How can you get HIV?

Yana Ryabtseva
Yana Ryabtseva
July 25, 2014
How can you get HIV?

HIV (human immunodeficiency virus) is a group of retroviruses that are often called “slow viruses”. This name is due to their feature to manifest itself after a sufficiently long period of time from the moment of infection.

After HIV infection enters the blood, it attaches to the blood cells that are responsible for immunity. Inside the cells, the infection multiplies, and even before the body gives an immune response, it spreads throughout the body. Over time, the number of immune cells will drop to a critical limit, after which the patient will develop AIDS.

To warn yourself and your loved ones against infection, you should know the main ways of transmission of the virus. Below are some of the most common ways of contracting HIV infection.

How you can get HIV: sexual intercourse

Most become infected with HIV as a result of unprotected sex with an infected person.The virus can accumulate in the semen, especially in the presence of concomitant inflammatory diseases. In addition, HIV may be contained in vaginal secretions.

During anal intercourse, the risk of virus entering the rectal mucosa increases several times. Also, anal sex due to the high probability of injury to the rectum greatly increases the risk of virus contact with blood.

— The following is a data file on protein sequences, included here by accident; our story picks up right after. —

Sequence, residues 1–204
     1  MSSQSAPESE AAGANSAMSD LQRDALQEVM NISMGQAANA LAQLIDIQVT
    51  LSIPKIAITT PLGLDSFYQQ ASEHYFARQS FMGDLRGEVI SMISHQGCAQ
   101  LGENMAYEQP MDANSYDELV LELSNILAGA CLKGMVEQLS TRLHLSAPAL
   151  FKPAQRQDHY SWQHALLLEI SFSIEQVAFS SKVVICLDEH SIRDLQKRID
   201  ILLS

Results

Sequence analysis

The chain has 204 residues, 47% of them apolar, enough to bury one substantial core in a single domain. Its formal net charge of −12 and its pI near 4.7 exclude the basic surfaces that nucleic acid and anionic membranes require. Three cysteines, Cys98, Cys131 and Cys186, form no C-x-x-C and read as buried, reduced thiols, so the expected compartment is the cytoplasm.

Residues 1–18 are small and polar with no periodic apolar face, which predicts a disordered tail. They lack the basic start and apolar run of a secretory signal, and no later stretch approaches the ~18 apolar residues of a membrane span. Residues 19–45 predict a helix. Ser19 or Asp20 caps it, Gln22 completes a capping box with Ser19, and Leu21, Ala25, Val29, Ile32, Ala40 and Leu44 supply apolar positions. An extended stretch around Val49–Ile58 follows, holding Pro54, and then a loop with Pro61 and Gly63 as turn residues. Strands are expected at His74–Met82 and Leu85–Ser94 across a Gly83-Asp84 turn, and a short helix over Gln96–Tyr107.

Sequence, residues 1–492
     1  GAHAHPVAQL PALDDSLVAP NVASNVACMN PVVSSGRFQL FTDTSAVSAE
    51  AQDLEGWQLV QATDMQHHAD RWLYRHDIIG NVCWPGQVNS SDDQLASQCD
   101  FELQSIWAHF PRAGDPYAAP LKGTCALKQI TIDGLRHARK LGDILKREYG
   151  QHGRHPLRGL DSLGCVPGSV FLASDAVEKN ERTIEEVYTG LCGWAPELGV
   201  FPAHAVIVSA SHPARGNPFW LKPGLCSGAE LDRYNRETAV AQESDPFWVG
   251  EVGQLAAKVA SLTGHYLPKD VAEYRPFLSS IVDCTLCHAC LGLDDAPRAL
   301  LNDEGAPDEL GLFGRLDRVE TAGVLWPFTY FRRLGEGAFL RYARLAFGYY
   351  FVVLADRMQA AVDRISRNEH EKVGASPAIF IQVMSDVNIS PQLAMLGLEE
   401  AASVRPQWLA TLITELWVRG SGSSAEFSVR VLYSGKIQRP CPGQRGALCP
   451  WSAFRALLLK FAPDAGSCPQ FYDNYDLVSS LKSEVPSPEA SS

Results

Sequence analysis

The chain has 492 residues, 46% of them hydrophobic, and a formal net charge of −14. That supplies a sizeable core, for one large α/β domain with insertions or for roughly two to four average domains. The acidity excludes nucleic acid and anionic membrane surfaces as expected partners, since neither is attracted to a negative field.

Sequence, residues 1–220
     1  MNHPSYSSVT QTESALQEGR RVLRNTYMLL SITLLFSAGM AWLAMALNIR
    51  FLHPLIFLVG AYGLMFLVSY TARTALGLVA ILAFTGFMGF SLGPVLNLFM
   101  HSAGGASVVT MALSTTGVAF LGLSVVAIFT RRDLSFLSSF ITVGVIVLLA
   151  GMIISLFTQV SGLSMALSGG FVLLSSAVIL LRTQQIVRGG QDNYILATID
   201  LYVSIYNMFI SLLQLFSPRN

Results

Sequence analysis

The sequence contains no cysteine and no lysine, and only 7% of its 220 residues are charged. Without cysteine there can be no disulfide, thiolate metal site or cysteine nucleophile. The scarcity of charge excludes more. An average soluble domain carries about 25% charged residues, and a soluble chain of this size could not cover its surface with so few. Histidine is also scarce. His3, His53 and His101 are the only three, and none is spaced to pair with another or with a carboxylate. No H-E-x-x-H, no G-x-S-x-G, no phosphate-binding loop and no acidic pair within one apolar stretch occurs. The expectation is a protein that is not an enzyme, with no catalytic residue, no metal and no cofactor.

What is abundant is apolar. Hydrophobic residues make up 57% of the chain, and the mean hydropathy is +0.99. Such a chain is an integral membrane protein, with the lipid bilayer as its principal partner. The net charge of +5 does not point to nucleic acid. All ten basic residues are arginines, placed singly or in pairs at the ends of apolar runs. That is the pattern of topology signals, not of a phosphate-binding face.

Injection method

Injecting drug users are most often infected with HIV by sharing needles and syringes. According to statistics, in 5-10% of cases of a deadly infection, the virus was transmitted through contaminated syringes when injecting drugs. For this reason, people who inject drugs are strongly advised to use only disposable syringes and needles.

Blood transfusion

You can become infected with HIV during the transfusion of blood or its components that contain cells of the virus. In 90-100% of cases of transfusion of infected blood to a healthy person infection occurs.

Nowadays, there is a mandatory procedure for screening blood donors for various diseases and viruses, including HIV,therefore, the risk of infection during blood transfusion is significantly reduced. However, if a donor infection has already occurred, and antibodies have not yet formed, it is not always possible to establish the presence of a virus in the blood.

From mother to child

HIV infection can cross the placenta, resulting in an increased risk of infecting the baby from an infected mother during pregnancy or childbirth. In this case, the risk largely depends on the level of medical observation and treatment of women, on the stage of HIV and other medical indications.

Infection of the baby can also occur during breastfeeding. In the milk of an infected woman there is a virus, therefore, if the mother is HIV-infected, breastfeeding is contraindicated.

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